When I got home I looked up the history of mining in the Frontenac region. One of the results that came up was the Silver Queen mine post at Burning Silo. It said it was a mica mine. Not having any idea what mica was, I looked it up. It turns out it’s a mineral that is usually gold or brown, shiny, and forms in flexible, flaky sheets. And, it’s found abundantly through the Frontenac region. Mica mining was very common in the late 1800s and early 1900s in New England and surrounding areas, and while some still does take place here, most of the mining for this mineral has now shifted to China. Interestingly, the largest sheet of mica ever found was from a mine in Denholm, Quebec.
There are two types of mica found in this area, biotite and phlogopite, differing primarily in their colour. Biotite is nearly the same compositionally, except that it also contains iron atoms, which phlogopite doesn’t, and so tends to be darker than phlogopite, although the descriptions are vague enough that I wasn’t sure which mine was. I finally settled on biotite, but I know phlogopite was mined from the park nearby. Mica is found in three main forms: sheet mica, which as the name suggests is large, continuous sheets of the mineral, and scrap and flake mica, which are obviously much smaller, and tend to be mixed in with other minerals. Because of the way the mineral is layered, thick chunks are sometimes called books of mica, as they resemble little stacks of pages.
The neatest thing about this mineral is the way you can peel the layers apart from each other. It’s like lifting a piece of brittle celophane. It’s flexible enough that it bends as you peel it up, but if there’s a nick or weak point it will tear. Each sheet is paper-thin and transleuscent, so that you can see through it, in a distorted sort of way. Indeed, early windows, before the discovery of glass, were often made of various types of mica (there are also pale types, which wouldn’t give you this yellow tint). It was used as such in some applications right into the 20th century, for instance as windows in early cars like the Model T, and can still be found as such in some stoves and lanterns.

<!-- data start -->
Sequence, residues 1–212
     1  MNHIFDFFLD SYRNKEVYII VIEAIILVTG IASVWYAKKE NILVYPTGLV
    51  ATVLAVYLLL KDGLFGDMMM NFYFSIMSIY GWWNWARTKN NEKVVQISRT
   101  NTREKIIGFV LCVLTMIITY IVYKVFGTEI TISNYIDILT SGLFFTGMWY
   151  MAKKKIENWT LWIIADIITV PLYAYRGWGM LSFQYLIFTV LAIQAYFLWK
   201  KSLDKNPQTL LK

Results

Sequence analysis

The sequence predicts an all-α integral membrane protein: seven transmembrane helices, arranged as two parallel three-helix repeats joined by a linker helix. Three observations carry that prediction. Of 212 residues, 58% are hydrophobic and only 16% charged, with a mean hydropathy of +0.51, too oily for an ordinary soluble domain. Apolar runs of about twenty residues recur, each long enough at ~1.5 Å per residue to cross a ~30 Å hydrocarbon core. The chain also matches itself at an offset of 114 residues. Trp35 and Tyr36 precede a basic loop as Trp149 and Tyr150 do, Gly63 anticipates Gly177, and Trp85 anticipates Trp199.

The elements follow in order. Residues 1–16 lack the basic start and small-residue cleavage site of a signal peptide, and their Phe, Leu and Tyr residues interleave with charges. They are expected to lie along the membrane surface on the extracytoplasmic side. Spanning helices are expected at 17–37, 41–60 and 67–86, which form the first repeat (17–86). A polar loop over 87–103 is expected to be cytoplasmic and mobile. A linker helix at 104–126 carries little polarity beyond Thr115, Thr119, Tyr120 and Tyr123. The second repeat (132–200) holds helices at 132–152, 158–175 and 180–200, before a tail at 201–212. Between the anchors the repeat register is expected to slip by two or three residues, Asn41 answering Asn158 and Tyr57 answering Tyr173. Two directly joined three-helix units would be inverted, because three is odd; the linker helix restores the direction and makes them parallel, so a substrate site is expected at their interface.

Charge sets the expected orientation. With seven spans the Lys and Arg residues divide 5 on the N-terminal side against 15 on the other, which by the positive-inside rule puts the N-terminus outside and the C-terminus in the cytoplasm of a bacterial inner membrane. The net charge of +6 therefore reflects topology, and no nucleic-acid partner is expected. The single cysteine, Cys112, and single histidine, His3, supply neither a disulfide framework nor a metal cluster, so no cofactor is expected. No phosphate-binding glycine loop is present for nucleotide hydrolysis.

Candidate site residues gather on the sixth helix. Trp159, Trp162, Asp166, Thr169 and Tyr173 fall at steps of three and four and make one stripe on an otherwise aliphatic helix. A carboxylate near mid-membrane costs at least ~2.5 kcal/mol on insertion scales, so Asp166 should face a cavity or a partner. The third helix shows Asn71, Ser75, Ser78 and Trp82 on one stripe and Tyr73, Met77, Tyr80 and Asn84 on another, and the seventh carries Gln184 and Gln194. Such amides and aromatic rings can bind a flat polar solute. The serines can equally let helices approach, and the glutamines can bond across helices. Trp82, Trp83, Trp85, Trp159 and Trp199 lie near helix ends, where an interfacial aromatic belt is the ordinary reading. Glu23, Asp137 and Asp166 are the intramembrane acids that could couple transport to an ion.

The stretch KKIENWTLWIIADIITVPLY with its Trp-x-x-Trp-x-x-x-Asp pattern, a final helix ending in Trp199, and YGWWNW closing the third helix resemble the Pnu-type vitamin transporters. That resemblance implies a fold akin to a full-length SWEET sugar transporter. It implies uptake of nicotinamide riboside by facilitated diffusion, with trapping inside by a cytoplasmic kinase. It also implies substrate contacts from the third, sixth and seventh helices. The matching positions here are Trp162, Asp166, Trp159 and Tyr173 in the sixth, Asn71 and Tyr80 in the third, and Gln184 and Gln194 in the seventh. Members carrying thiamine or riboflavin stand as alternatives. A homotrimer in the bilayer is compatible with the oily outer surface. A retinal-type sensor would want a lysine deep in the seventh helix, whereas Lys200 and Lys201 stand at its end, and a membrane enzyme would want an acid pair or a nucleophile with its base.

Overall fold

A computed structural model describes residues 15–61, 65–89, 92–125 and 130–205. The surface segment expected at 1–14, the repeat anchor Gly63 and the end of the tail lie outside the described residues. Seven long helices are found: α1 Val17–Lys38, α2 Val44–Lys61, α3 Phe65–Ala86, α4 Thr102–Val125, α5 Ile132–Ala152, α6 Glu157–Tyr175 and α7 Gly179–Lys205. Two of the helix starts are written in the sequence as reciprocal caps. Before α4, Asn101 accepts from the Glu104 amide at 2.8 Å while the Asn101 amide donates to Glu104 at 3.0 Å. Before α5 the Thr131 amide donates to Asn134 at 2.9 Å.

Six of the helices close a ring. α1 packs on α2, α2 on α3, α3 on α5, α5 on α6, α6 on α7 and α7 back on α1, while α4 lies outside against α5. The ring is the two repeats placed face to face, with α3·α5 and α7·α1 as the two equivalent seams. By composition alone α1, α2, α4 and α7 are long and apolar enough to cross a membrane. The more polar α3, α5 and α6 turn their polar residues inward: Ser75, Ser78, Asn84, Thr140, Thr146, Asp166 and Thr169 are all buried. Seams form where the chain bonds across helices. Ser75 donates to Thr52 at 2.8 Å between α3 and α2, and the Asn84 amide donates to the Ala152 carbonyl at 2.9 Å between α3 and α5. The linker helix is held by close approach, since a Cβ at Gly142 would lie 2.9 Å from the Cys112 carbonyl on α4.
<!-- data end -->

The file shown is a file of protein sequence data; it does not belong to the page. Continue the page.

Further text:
Most of all, though, mica is a great insulator. It’s heat-resistant (hence its use in stove windows), withstanding temperatures up to 900 °C (1,650 °F) and some forms, such as phlogopite, don’t conduct electricity and so are used as electrical insulators in many electronics, as well. The iron in biotite conducts electricity and means it isn’t useful for electrical insulation. On the other hand, biotite can be altered to produce vermiculite, which is used as insulation in many things such as gypsum wall board. Vermiculite is sometimes added to potting soil to improve drainage and to absorb liquids such as fertilizer and various -icides. Among many other uses, mica is sometimes ground up for use in makeups (its shimmeriness lends a translucent “glow” to the skin) or in toothpaste (as an abrasive and for the same shimmeriness).
Mica has a long history with humankind. The most interesting note I found was that the Pyramid of the Sun in the ancient Mexican civilization of Teotihuacan contained hand-mined blocks of mica up to a foot thick in the building’s structure. More locally, mica mining was a big part of the daily life of people here during the late 19th century. An article written for the Friends of Frontenac Park newsletter describes a typical day in the life of one of these mines.
I thought it was interesting to stumble upon this little bit of the past hidden in the forest, something that was so much a part of the history of the region, and even neater to find some of the mineral they were looking for beside the equipment they used in finding it. They’re funny things, these relicts in the forest – forgotten, perhaps, but not gone.